Discussion of how if-then-else objects are dealt with in FGL.

One of the most powerful and advantageous things about FGL is that it can
avoid case splits in proofs by encoding the case splits into Boolean functions
that are later handled by fast solvers. For example, if a function might
return either 3 or 5, then instead of considering the two cases separately we
can encode both cases into a symbolic integer value. But for some case splits
the cases aren't so easily merged into a single symbolic value, except by
directly encoding the case split. For example, if we have

Such cases can cause dilemmas and problems for FGL's symbolic interpretation. For example, suppose we have the following rewrite rules:

(foo (bar x) y) = (baz x y) (foo (zar x) y) = (fuz x y)

But suppose that when we encounter a call of

(foo (if c a b) y) = (if c (foo a y) (foo b y))

But this means the user needs to know all of the places this might happen and make a rewrite rule for each of them, and by that time it might be just as catastrophic for performance.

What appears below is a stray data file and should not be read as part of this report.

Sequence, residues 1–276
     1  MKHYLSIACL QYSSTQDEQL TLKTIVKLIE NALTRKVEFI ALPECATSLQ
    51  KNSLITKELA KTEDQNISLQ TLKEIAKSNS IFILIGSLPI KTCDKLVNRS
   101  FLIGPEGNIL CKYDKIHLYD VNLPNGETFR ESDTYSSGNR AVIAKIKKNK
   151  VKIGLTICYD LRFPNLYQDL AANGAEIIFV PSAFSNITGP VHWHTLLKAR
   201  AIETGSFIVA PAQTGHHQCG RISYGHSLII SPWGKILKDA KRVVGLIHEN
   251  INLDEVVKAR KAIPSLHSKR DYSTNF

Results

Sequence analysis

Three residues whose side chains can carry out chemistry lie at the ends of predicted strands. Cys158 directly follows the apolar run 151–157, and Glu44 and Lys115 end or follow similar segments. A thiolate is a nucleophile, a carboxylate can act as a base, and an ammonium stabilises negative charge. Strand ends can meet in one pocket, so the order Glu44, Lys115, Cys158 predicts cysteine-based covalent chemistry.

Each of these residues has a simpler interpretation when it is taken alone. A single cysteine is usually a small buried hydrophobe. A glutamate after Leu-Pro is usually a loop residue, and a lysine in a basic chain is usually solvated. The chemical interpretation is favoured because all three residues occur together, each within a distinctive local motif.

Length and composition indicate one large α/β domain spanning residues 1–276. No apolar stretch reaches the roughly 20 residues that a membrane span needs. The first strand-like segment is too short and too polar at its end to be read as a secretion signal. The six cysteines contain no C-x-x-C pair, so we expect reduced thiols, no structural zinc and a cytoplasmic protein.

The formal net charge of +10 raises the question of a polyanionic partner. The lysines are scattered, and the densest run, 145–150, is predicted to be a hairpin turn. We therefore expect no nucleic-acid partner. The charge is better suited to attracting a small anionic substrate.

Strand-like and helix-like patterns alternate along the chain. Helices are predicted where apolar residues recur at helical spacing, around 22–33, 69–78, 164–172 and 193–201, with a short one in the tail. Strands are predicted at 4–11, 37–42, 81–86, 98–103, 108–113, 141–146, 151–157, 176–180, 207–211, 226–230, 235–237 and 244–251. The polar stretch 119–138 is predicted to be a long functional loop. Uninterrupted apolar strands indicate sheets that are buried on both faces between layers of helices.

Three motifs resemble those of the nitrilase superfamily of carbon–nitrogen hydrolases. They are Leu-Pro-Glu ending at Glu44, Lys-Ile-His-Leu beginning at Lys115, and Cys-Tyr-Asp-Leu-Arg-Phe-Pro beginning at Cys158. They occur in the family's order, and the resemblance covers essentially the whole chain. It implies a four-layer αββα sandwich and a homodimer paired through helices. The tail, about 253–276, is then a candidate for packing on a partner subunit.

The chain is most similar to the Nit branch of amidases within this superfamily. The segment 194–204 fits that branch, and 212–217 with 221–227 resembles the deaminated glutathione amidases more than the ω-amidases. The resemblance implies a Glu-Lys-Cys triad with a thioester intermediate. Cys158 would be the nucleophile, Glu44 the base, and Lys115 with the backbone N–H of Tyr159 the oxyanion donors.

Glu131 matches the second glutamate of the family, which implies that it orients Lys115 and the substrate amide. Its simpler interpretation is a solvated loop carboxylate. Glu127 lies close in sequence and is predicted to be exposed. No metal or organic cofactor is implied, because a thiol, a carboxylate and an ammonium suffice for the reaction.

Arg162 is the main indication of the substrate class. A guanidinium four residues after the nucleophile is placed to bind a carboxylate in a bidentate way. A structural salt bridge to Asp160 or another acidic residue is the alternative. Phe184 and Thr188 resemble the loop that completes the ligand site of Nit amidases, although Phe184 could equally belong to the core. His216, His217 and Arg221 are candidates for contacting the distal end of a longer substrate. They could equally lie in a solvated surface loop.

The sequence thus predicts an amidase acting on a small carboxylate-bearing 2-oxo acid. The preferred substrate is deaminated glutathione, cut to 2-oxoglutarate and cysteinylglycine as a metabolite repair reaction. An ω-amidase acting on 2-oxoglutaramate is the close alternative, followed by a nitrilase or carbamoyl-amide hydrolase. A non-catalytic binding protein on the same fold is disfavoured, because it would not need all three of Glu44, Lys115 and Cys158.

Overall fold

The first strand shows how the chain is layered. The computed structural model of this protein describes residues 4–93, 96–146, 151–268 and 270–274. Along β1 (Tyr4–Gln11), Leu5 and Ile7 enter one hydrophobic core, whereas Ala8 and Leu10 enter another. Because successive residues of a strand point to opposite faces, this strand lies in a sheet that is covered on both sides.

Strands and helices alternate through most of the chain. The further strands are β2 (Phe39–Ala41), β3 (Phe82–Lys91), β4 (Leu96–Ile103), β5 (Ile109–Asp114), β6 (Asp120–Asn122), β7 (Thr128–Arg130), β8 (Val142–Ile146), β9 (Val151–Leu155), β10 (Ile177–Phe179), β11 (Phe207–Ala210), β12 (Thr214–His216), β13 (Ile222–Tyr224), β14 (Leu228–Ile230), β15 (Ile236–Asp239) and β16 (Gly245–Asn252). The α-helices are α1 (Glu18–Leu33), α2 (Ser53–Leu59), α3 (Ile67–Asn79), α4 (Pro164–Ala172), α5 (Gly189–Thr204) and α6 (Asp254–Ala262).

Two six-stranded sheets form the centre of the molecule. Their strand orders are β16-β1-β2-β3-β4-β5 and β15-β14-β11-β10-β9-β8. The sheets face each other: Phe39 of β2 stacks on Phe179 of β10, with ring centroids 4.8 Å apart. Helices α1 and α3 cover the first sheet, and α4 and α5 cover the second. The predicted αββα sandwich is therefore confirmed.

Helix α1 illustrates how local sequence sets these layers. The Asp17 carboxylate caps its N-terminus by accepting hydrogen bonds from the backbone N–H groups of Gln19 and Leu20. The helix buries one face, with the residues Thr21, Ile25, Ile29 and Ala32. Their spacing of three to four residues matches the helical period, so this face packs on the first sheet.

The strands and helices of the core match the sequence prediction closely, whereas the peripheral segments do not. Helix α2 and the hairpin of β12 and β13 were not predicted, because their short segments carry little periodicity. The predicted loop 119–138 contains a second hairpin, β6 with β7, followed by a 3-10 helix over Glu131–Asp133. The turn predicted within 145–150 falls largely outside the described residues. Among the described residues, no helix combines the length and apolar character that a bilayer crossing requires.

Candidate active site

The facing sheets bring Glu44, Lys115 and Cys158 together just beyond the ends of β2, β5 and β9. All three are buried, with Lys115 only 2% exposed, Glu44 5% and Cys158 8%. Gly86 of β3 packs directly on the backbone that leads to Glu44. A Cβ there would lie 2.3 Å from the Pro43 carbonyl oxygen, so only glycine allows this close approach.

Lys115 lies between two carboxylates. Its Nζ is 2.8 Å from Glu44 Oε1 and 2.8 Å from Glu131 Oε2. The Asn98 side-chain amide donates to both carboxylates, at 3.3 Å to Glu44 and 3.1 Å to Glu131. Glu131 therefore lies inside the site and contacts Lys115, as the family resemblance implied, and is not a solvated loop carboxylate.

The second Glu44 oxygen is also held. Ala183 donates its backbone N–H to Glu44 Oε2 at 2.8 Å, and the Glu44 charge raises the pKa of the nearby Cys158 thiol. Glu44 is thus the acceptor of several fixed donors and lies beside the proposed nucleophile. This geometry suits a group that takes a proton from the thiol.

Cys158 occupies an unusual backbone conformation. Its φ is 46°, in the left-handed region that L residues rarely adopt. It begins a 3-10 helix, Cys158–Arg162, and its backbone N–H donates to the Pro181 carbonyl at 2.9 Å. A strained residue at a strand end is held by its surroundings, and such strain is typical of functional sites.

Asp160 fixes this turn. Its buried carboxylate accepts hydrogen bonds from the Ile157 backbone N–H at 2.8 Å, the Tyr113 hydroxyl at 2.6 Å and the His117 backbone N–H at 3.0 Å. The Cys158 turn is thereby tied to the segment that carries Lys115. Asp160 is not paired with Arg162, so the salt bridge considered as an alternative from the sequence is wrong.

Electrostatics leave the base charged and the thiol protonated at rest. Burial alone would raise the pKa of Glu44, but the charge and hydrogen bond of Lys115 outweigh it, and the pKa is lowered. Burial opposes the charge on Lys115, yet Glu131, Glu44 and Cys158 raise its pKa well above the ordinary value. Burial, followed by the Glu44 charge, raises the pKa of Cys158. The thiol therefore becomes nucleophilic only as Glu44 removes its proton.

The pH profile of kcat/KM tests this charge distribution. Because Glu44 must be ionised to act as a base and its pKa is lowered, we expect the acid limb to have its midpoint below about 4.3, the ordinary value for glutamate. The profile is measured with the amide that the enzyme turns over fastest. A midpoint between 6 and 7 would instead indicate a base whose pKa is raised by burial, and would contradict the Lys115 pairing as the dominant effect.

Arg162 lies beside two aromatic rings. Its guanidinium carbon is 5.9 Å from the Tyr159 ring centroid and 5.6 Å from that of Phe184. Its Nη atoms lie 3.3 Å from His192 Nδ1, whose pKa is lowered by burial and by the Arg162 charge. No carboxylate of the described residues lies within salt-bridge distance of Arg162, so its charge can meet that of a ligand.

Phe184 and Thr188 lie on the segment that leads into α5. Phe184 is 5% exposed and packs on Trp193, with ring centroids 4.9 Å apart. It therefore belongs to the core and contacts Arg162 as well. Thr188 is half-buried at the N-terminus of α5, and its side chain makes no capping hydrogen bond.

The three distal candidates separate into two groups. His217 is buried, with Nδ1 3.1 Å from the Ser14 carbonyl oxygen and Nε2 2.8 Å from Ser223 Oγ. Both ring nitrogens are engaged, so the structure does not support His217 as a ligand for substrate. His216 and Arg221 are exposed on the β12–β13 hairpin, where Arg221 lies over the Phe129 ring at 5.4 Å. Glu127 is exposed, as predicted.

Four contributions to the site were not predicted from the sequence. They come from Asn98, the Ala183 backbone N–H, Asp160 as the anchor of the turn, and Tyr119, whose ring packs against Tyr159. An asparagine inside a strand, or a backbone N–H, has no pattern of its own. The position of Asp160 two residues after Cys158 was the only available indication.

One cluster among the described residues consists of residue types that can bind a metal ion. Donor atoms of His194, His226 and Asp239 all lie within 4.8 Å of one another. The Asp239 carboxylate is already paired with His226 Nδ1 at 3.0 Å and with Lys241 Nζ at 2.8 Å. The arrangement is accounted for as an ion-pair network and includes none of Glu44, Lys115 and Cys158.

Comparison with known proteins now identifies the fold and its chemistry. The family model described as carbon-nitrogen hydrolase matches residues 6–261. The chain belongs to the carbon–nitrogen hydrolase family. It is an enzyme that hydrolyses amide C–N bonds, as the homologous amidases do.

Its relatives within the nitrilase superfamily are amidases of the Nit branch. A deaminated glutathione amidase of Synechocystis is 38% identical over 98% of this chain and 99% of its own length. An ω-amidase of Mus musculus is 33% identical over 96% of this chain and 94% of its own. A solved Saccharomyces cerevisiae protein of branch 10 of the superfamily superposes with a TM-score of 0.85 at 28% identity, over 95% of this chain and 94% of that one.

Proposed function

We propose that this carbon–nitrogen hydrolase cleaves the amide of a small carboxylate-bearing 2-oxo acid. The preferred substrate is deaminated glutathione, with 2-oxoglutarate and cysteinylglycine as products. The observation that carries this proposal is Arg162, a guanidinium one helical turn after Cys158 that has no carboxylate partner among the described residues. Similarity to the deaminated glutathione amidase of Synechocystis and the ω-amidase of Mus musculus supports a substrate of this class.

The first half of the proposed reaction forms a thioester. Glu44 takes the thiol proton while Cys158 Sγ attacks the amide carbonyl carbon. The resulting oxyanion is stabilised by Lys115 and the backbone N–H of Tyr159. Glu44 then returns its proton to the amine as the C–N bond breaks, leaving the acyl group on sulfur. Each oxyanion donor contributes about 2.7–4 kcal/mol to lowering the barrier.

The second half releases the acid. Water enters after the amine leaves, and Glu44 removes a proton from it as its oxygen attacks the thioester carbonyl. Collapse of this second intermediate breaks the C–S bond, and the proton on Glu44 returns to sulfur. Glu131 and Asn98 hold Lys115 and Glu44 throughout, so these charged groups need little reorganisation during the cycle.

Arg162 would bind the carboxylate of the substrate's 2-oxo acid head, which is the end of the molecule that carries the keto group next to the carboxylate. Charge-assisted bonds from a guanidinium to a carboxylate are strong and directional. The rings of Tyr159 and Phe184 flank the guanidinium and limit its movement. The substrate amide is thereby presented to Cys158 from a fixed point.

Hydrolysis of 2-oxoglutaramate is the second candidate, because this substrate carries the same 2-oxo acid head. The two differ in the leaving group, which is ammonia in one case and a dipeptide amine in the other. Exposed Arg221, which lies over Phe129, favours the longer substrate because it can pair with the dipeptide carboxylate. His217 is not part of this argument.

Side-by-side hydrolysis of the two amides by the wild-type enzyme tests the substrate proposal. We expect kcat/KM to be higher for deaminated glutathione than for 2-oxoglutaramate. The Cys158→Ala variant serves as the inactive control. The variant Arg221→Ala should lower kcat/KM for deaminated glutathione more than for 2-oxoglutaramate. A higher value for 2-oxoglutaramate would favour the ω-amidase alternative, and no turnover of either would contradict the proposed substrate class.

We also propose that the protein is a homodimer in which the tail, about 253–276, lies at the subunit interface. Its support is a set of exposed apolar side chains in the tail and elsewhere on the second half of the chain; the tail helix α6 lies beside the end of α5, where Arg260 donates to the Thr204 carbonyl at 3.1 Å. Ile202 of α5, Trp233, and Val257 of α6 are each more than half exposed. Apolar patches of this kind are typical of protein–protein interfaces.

Because of the dilemma above, the default approach in FGL is to cause an error whenever we are unable to merge the two branches of an if-then-else into a single symbolic form automatically. When this happens, the FGL clause processor will produce an error saying that an if-then-else failed to merge and to look at the debug object. This behavior can be disabled as follows:

(assign :fgl-make-ites t)

It is also possible to use rewrite rules to allow if-then-else objects to be
created in certain cases; we discuss how this is used to handle a couple of
common cases in the next section. The FGL interpreter includes support for
making

FGL uses a function

To force the creation of an if-then-else, overriding the setting of

(def-gl-branch-merge if-with-if-with-nil-nil (equal (if test (if test2 then nil) nil) (if! (and test test2) then nil)))

This will ensure that a